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Arabic translation: زهرة or زهراء

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GLOSSARY ENTRY (DERIVED FROM QUESTION BELOW)
English term or phrase:flower
Arabic translation:زهرة or زهراء
Entered by: Fuad Yahya
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02:45 Mar 6, 2002
English to Arabic translations [Non-PRO]
Art/Literary
English term or phrase: flower
actually I'm looking for the translation of the word Zahra. I heard it was Arabic for Flower. Then I heard it was flower in Swahili. Where does the word come from, which langage? And what does it mean? Thanks!
jeryl
Did you mean زهرة or زهراء
Explanation:
Both words (commonly used as names for girls) are Arabic, and they sound almost the same.

زهرة ZAHRA (short first A, short second A, stress on the first syllable, and a silent T at the end as a feminine designation, pronounced when the grammatical case is iterated with the proper declension) is the Arabic word for "flower." The plural is ZUHOOR, AZHAR. or ZAHRAT.

زهراء ZAHRA' (short first A, long second A, stress on the second syllable, and a glottal stop at the end) is a feminine adjective that means "resplendent" or "shining."

الزهراء AL-ZAHRA' ("the resplendent one") is the traditional honorific title that Muslims give to Fatima, the youngest daughter of the Prophet Muhammad. As wife of Ali ibn Abi Talib and mother of Al-Hasan and Al-Husayn, she is a central figure in Islamic, especially Shi'i, hagiography.

All the words I mentioned above have been used as names. Both ZAHRA and ZAHRA' are very common.

Many Arabic names have been used by non-Arabic-speaking communities, especially Islamic communities. Although Swahili is not a Semitic language, it draws heavily from Arabic.

Fuad
Selected response from:

Fuad Yahya
Grading comment
Graded automatically based on peer agreement. KudoZ.
4 KudoZ points were awarded for this answer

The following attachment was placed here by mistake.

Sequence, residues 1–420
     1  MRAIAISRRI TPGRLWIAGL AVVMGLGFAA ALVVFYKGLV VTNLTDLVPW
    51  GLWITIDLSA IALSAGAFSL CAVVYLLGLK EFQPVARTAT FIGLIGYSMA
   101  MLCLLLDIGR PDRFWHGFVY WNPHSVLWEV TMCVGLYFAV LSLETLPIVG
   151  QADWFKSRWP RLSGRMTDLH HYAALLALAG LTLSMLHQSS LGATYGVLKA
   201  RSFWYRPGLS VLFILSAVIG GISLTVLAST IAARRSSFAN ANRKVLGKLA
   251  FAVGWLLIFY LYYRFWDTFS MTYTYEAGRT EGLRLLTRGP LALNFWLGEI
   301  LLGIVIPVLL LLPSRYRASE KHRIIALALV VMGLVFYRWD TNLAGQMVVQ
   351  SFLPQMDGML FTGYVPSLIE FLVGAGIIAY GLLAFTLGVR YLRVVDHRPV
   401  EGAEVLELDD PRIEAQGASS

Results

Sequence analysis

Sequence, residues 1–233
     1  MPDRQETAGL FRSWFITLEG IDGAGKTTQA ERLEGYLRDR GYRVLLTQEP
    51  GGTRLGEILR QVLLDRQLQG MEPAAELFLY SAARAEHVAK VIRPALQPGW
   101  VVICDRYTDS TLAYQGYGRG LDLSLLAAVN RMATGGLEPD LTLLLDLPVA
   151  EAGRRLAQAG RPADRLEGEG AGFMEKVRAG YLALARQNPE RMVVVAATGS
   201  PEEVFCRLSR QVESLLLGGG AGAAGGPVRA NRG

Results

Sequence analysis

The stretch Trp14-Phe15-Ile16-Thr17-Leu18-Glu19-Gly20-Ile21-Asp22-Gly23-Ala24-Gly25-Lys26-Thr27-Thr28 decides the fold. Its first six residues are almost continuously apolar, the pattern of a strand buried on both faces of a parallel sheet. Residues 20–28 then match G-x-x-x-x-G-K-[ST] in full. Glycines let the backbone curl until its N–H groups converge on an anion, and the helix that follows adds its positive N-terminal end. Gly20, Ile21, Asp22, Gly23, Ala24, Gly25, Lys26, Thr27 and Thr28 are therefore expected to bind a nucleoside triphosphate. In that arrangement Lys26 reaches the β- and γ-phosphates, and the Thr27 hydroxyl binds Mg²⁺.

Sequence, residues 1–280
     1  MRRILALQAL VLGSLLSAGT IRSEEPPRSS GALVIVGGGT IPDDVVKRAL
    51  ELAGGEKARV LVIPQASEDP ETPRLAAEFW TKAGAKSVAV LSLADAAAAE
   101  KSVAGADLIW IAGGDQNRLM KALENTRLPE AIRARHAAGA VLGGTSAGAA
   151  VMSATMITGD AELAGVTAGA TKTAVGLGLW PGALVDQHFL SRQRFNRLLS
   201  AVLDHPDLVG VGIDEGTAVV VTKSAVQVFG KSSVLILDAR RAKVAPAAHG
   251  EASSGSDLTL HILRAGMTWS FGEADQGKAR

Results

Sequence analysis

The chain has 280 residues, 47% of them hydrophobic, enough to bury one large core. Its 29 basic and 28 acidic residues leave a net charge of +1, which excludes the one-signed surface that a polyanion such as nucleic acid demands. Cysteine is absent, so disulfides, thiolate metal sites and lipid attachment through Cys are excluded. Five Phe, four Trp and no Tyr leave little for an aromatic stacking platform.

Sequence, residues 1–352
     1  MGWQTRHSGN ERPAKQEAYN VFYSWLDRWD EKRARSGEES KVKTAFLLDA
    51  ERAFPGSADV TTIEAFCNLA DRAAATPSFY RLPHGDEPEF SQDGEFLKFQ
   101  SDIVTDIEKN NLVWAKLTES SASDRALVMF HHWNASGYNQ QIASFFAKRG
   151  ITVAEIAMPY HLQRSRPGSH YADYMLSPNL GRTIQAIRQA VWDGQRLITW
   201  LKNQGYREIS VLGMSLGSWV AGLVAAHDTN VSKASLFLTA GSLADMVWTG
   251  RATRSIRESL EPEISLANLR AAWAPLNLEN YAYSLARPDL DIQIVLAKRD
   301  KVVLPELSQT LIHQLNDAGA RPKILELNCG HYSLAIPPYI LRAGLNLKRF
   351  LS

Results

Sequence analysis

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Summary of answers provided
4 +3Did you mean زهرة or زهراءFuad Yahya


  

Answers


57 mins   confidence: Answerer confidence 4/5Answerer confidence 4/5 peer agreement (net): +3
Did you mean زهرة or زهراء


Explanation:
Both words (commonly used as names for girls) are Arabic, and they sound almost the same.

زهرة ZAHRA (short first A, short second A, stress on the first syllable, and a silent T at the end as a feminine designation, pronounced when the grammatical case is iterated with the proper declension) is the Arabic word for "flower." The plural is ZUHOOR, AZHAR. or ZAHRAT.

زهراء ZAHRA' (short first A, long second A, stress on the second syllable, and a glottal stop at the end) is a feminine adjective that means "resplendent" or "shining."

الزهراء AL-ZAHRA' ("the resplendent one") is the traditional honorific title that Muslims give to Fatima, the youngest daughter of the Prophet Muhammad. As wife of Ali ibn Abi Talib and mother of Al-Hasan and Al-Husayn, she is a central figure in Islamic, especially Shi'i, hagiography.

All the words I mentioned above have been used as names. Both ZAHRA and ZAHRA' are very common.

Many Arabic names have been used by non-Arabic-speaking communities, especially Islamic communities. Although Swahili is not a Semitic language, it draws heavily from Arabic.

Fuad

Fuad Yahya
Native speaker of: Native in ArabicArabic, Native in EnglishEnglish
PRO pts in pair: 7167
Grading comment
Graded automatically based on peer agreement. KudoZ.

Peer comments on this answer (and responses from the answerer)
agree  Alaa Zeineldine: and زهرة ZAHRA also refers splendor, especially the splendor of youth or life - زهرة الشباب
49 mins

agree  AhmedAMS
4 hrs

agree  shfranke
19 hrs
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